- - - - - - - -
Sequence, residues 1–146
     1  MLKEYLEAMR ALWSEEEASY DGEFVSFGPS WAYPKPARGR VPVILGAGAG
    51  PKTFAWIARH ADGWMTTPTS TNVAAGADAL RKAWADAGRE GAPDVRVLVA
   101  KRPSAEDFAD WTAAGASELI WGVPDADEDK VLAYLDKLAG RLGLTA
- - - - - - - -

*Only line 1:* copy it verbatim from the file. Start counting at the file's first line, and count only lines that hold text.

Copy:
Sequence, residues 1–146